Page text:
Azaleas are a classic Southern plant, both for the structure they provide year-round and for the magnificent floral displays they produce. Few other flowering shrubs put on such a spectacular show—some azaleas produce so many flowers at once that you can hardly see the leaves!
These lovely plants are best suited for North and Central Florida gardens and come in a number of shapes and sizes that can work within any garden. But South Florida gardeners need not feel left out—certain azalea relatives work great in tropical climates.
Because evergreen azaleas hold their leaves year-round, they make great backdrop plants for seasonal flower beds. And of course in the spring, they put on their own show with flowers ranging in color from white, to pink, to red, depending on the cultivar.
One widely planted evergreen cultivar is ‘George Lindley Tabor’, a variety that produces countless soft pink flowers each spring and grows to about 10 feet tall and 8 feet wide. ‘George Tabor’ is classified as a Southern Indica hybrid, a type favored by gardeners for its vigor and tolerance of colder temperatures, typically down to 20°F without experiencing serious damage.
Other popular Southern Indica hybrids include, ‘Brilliant’ (carmine red flowers), ‘Formosa’ (brilliant rose purple flowers), and ‘Mrs. G. G. Gerbing’ (white flowers). The ‘Little John’ cultivar is also popular, due to its unique burgundy foliage and deep red flowers.
Satsuki hybrids are mid-sized azaleas, typically growing the about 5 or 6 feet high within 10 or 15 years. They come in a range of colors from white to pink, yellowish pink, red, reddish orange and purple, often with patterning on the petals. Popular cultivars include ‘Flame Creeper’ (orange-red flowers) and ‘Gumpo’ (white or pink flowers).
For smaller-scale plantings, Kurume hybrids can be a good choice, since they grow from 3 to 5 feet tall depending on the variety. Kurume hybrids produce pink, red, purple or white flowers that are smaller in size than those of the Southern Indica hybrids but no less plentiful.
True dwarf varieties are also available, including the popular ‘Red Ruffle’ cultivar, which grows 2 to 3 feet tall.
Florida has just one native evergreen azalea — Chapman’s azalea or Chapman’s rhododendron (Rhododendron chapmanii). This wetlands plant is listed as a rare and endangered plant and is found only in Clay County and the central panhandle.
Most of the evergreen azaleas growing in Florida home landscapes are hybrids, and originally came from Asia. Native azaleas, also known as bush honeysuckle, have smaller flowers and are more delicate-looking, but they're also very fragrant, whereas non-natives have no fragrance.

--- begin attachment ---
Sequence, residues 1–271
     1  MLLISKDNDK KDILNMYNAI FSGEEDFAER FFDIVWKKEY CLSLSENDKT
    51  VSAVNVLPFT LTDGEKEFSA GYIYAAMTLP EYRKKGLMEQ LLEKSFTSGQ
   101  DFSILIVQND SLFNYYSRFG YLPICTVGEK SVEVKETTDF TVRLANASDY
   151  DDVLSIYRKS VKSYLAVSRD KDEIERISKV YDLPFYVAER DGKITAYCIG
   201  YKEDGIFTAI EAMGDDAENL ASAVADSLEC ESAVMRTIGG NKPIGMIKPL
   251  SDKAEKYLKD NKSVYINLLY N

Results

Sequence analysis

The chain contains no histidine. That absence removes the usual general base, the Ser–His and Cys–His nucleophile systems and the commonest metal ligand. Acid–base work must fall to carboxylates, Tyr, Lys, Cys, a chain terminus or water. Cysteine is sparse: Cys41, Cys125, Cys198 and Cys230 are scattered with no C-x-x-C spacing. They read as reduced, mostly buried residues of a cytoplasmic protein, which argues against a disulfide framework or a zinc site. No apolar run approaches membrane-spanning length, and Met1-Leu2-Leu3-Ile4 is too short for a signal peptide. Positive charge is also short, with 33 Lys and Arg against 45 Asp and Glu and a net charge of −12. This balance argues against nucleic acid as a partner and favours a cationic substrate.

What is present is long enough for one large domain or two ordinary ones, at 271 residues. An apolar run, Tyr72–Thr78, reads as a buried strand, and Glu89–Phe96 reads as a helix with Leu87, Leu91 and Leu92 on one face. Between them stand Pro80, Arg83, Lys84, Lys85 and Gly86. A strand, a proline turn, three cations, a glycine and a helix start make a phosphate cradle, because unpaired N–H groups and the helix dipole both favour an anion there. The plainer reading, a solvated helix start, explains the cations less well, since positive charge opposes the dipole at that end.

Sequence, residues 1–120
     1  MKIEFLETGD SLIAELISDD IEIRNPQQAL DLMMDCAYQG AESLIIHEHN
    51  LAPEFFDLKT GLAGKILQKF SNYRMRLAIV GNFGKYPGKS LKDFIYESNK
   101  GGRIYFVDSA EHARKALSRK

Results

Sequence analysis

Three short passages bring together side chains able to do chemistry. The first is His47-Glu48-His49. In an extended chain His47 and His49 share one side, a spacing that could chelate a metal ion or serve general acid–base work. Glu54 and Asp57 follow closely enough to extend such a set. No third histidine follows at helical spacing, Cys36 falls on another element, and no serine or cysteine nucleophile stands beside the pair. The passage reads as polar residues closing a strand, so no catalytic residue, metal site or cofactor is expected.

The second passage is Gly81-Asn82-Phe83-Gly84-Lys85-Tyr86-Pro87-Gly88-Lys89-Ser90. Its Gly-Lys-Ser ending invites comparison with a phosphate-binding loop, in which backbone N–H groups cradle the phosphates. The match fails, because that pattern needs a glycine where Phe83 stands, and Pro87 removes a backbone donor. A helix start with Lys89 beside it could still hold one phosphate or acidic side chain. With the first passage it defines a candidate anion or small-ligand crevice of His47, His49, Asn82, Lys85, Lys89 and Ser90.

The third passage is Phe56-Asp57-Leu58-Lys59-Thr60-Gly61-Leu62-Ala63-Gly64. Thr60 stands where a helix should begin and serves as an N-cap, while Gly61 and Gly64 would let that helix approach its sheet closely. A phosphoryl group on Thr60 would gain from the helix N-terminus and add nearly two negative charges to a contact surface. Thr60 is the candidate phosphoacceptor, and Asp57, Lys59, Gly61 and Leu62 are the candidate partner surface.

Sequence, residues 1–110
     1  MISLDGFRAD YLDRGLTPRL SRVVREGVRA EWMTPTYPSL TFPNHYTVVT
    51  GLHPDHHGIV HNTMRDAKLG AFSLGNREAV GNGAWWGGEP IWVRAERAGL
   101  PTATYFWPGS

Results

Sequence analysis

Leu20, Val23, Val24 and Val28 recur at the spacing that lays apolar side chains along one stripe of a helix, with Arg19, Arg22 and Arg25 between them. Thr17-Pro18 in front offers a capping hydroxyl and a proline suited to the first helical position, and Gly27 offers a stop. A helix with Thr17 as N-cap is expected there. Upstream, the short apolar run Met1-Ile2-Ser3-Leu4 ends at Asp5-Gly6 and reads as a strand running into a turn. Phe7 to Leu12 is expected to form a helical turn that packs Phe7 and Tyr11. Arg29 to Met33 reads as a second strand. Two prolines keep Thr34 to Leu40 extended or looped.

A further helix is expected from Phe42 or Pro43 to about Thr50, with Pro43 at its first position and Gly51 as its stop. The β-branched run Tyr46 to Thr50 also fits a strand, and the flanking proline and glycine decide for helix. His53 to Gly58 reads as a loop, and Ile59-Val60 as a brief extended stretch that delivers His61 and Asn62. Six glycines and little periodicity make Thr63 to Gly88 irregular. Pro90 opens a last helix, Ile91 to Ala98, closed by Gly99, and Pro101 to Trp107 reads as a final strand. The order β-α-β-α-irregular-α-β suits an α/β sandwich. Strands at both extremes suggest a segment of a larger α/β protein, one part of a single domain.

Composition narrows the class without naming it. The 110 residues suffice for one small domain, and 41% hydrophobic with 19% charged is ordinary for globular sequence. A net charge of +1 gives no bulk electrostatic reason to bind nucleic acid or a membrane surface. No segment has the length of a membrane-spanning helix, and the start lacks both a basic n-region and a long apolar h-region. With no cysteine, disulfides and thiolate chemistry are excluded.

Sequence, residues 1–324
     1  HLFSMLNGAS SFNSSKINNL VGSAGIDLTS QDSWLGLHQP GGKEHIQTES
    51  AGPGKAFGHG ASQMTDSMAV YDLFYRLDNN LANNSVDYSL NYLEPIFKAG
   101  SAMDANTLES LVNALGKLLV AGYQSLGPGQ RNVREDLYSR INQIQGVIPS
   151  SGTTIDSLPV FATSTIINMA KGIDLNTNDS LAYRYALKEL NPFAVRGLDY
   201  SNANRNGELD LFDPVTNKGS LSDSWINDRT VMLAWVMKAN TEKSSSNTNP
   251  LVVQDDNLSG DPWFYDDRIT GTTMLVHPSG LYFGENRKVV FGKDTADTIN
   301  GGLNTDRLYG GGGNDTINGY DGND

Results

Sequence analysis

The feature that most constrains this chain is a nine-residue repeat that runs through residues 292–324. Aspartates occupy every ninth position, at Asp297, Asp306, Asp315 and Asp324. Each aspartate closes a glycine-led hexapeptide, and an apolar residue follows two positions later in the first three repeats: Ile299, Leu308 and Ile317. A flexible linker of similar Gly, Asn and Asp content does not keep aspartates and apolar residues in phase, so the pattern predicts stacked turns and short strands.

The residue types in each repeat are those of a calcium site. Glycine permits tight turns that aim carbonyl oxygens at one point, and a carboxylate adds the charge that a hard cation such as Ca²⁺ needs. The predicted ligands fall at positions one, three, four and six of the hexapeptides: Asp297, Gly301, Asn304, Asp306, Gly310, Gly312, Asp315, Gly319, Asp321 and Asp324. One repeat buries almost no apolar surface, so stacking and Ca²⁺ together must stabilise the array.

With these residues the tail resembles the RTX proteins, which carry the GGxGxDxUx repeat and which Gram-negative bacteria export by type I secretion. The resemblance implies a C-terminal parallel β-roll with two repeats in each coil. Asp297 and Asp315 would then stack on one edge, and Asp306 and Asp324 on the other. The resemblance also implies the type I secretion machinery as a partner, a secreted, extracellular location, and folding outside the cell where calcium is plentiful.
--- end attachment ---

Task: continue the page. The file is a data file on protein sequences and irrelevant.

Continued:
Fragrant native azaleas bloom around the same time as other azaleas, in the spring, with colors just as spectacular, ranging from pink to peach to yellow. Many new cultivars are being developed with flowers that bloom at specific times.
The native azalea will slowly grow up to ten feet tall and will lose its leaves in the winter. Like all azaleas, it prefers a well-drained, acidic soil and filtered sunlight. It’s drought tolerant and needs little maintenance other than occasional pruning to maintain a healthy shape.
Natives like the Florida flame azalea (R. austrinum) are slowly becoming more popular. This drought-tolerant azalea produces flowers that may range in color from white or pale yellow to orange-red flowers. It will grow up to 8 or 10 feet tall and has a looser growth habit than many of the commonly grown non-native cultivars.
Another deciduous azalea that is native to Florida (R. canescens) goes by a number of common names including pink pinxter azalea, Piedmont azalea, and bush honeysuckle. This shrub can grow between 6 and 15 feet tall and produces fragrant, showy pink flowers in early spring, typically when the leaves first appear.
Cultivated varieties of deciduous azaleas include the Aromi hybrids, which were bred to perform well in the heat and humidity of the coastal South. These azaleas may reach up to 12 or 15 feet tall, depending on conditions. Popular selections include ‘Aromi Sunrise’ (orange-red buds opening to light orange with dark orange center), ‘Centerpiece’ (white flowers with yellow spots) and ‘Sunstruck’ (pale yellow buds opening to lemon yellow with darker patches).
Azaleas are widely planted in Florida because of the colorful flowers they produce from late February to early April. Pruning your azaleas can improve their blooming and help them develop into full, well-branched shrubs.
Always prune your plants in late spring or early summer, shortly after flowering, because azaleas set their flower buds for next year during the summer. Prune too late and chances increase that you will remove flower buds.
Several light prunings early in the growing season will help your azalea develop the nicest form. Remove shaded-out branches first, since these often become dead wood.
Older plants may have tall leggy branches that need to be removed. Doing so gradually over several years reduces shock to the plant.
Azalea Alternatives for South Florida
Although azaleas aren’t well suited for South Florida, gardeners in the tropical regions of the state can try growing an azalea relative called the vireya rhododendron. These plants are technically a sub-species of the genus Rhododendron and are native to tropical areas in Southeast Asia.
Vireyas are small plants that can be grown in hanging baskets, much like orchids can, or they can be used in beds and borders in South Florida. The more than 300 species of vireya rhododendrons produce flowers in an array of shapes and colors, making them a great choice for the tropical landscape.
For more information on azaleas, contact your county Extension office.